A spy scandal may be brewing in Ukraine after the media reported on Monday that the security service suspects the director of a research institute there of passing secret information to the United States.
On December 19 last year, investigators from the Ukrainian Security Service visited the Institute of Sorption and Problems of Endoecology, which researches sorbents capable of absorbing radiation, and confiscated a computer used by the institute's director, Professor Volodymyr Strelko.
They said Strelko, who was on a vacation in the United States at that time, was sending information related to the Chernobyl disaster to his counterparts in the U.S., for which he received large grants.
The Ukrainian Security Service has confirmed that it conducted checks to see whether it was legal for the institute’s workers to send information and documents abroad, but added that it did not conduct any investigative work at the institute on December 19.
Strelko denies the accusations against him, saying the security service is being manipulated to pressure the institute and remove him from his post as director of the institute, which does research work on sorbents for medical and ecological needs.
“Someone took advantage of my vacation and with the help of Security Service officers is trying to impose pressure on me as a director, to intimidate and isolate me from the institute, and to disrupt important work on medical sorbents and a solution to Chernobyl's ecological problems. I have no doubts at all that this raid was staged,” Strelko said in an interview with Ukrainian weekly Zerkalo Nedeli (Mirror of the Week).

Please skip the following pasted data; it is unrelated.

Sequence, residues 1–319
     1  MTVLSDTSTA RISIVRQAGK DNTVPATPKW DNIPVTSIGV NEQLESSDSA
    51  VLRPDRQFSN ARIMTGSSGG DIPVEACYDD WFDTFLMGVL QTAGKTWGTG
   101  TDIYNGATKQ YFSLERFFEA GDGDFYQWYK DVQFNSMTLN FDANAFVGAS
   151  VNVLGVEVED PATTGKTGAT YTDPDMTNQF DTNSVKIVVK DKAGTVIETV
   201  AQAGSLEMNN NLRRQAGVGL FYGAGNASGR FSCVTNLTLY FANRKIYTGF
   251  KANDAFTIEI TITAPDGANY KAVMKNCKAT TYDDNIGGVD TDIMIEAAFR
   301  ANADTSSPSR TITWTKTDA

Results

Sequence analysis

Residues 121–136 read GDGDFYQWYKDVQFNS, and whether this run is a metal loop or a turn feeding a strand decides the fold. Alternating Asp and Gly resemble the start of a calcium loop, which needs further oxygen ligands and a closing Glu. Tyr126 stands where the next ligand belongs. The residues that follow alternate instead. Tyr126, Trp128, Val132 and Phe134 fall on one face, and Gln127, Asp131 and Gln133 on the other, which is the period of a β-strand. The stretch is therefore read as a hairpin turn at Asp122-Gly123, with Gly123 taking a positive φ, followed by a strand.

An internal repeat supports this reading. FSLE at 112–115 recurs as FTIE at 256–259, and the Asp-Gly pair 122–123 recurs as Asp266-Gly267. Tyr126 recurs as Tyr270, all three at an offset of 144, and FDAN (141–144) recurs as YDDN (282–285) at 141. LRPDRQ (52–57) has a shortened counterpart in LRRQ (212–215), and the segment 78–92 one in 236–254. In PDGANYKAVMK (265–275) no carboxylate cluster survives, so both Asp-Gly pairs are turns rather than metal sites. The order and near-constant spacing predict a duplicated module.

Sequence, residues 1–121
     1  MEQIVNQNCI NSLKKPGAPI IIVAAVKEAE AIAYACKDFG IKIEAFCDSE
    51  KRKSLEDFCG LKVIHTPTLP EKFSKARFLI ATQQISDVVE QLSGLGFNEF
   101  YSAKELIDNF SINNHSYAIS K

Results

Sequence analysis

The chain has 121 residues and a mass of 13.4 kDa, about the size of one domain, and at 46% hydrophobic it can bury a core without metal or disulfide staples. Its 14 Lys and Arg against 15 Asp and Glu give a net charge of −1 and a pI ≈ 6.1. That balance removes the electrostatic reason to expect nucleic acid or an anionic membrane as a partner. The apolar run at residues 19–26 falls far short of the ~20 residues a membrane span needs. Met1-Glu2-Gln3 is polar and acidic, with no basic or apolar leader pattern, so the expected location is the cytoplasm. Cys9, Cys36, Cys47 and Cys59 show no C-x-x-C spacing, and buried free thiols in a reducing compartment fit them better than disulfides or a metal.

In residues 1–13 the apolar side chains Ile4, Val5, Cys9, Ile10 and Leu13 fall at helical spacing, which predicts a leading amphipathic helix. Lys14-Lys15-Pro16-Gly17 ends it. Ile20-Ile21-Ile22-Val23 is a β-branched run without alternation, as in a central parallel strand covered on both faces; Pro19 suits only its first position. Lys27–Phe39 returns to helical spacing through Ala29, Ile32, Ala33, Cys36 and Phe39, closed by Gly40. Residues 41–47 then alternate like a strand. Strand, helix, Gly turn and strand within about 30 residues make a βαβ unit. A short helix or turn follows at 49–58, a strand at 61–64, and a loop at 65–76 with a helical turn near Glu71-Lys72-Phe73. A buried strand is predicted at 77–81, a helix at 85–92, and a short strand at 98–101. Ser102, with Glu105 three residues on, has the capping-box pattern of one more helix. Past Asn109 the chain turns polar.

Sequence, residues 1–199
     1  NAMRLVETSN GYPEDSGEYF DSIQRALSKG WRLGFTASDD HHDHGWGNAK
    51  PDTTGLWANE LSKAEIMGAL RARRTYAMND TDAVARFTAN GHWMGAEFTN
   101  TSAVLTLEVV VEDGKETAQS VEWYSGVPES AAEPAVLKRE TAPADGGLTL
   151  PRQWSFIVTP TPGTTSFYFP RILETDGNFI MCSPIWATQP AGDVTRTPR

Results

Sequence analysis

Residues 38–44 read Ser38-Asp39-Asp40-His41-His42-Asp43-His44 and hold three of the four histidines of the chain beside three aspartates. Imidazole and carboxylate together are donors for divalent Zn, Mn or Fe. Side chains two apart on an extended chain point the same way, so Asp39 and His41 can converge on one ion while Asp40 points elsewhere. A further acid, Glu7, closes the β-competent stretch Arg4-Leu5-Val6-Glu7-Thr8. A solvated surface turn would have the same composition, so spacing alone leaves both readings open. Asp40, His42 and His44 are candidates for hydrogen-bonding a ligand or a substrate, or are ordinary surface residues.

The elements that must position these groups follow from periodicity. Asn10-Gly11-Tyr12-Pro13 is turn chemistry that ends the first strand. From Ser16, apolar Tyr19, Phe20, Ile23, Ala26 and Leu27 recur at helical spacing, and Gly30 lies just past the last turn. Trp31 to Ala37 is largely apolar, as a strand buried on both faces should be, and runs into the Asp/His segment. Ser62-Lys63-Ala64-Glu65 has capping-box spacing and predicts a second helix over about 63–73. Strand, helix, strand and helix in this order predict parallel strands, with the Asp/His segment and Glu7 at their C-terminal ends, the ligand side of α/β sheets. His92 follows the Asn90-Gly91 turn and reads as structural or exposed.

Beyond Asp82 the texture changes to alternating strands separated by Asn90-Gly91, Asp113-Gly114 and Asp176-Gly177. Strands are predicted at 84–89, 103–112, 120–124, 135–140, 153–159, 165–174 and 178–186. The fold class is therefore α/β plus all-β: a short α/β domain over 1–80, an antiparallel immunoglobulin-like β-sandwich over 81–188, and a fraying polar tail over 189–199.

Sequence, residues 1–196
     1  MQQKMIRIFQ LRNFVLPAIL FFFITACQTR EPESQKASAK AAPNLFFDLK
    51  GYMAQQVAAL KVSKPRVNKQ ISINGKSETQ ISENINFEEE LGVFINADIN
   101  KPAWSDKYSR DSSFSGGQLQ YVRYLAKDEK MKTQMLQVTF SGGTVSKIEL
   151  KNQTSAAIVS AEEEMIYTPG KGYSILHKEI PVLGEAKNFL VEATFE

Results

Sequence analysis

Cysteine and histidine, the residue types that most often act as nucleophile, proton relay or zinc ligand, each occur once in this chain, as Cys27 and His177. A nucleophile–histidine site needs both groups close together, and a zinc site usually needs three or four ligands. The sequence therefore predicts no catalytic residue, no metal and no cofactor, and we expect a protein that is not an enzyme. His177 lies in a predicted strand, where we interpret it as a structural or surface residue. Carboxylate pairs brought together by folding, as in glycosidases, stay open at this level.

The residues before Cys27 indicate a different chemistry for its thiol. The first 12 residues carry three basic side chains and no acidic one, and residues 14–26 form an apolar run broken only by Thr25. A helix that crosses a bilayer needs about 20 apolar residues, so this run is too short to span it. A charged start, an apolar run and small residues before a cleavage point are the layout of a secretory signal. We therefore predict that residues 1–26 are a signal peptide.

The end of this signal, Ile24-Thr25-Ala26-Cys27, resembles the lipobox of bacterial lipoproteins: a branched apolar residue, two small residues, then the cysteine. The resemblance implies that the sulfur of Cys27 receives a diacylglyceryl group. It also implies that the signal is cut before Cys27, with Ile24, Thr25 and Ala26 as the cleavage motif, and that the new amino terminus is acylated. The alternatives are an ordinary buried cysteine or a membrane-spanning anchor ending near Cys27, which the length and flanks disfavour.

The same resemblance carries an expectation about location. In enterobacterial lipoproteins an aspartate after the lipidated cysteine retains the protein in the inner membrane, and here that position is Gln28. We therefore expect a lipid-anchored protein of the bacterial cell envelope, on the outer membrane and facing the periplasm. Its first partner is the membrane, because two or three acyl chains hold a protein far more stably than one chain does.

Although no official charges were pressed against Strelko, the 74-year-old academic remains in the United States saying he fears arrest if he returns home.
“I have a bad feeling that I would be put in a pre-trail detention center until ‘circumstances are investigated’… I am turning 75 this year and I am not sure if I would be able to stand this ‘investigation’ physically,” he said.
Strelkov’s colleagues at the institute also deny his involvement in espionage saying his internet correspondence with scientists abroad was necessary for research work and exchange of information.
“Any scientist understands that no work is possible without an exchange of information. This is not espionage. There is always a common interest in science,” KyivDaily.com.ua quoted Valeriy Zazhihalov, a member of the Ukrainian Academy of Sciences, as saying.
Strelkov’s deputy Volodymyr Brei said the professor was on the verge of discovering a new technology and used internet correspondence to discuss it with his foreign colleagues.
“The director has discovered some sort of technology, but he could not give it without the proper permits. He is an academic, why would he ruin his reputation?” Brei said.
Security service’s visit to the institute on December 19 was followed by more visits, during which radiation levels at the facility were measured, in an apparent attempt to find health violations.
“They think we are poisoning people with radiation,” Brei said, adding that no work with radioactive materials is conducted at the institute.
Brei said he also believes that the spying suspicions are being used to remove Strelkov from his post. The institute had planned to give him a new term as director this April.
“There are people who are interested in his resignation,” Brei said, but did not give names.